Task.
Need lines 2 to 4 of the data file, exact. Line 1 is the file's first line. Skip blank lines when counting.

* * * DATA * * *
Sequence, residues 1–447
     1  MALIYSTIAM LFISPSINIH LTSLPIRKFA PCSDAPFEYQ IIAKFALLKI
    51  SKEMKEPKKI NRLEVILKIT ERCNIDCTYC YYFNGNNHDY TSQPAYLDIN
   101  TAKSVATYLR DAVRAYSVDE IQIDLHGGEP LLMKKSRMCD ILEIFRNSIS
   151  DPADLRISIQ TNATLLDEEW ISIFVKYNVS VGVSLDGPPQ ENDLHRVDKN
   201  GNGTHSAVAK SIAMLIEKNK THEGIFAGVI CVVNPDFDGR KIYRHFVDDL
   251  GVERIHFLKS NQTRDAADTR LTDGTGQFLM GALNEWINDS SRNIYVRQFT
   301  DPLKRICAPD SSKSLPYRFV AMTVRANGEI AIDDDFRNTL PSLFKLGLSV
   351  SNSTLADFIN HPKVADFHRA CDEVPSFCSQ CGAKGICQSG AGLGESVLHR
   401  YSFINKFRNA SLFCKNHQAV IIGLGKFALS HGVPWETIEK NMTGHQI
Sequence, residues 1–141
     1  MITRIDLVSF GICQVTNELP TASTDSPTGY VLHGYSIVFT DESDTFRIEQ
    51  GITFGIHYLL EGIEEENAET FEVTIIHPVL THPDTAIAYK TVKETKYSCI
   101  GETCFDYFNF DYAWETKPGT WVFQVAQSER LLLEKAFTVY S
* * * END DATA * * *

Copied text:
     1  MALIYSTIAM LFISPSINIH LTSLPIRKFA PCSDAPFEYQ IIAKFALLKI
    51  SKEMKEPKKI NRLEVILKIT ERCNIDCTYC YYFNGNNHDY TSQPAYLDIN
   101  TAKSVATYLR DAVRAYSVDE IQIDLHGGEP LLMKKSRMCD ILEIFRNSIS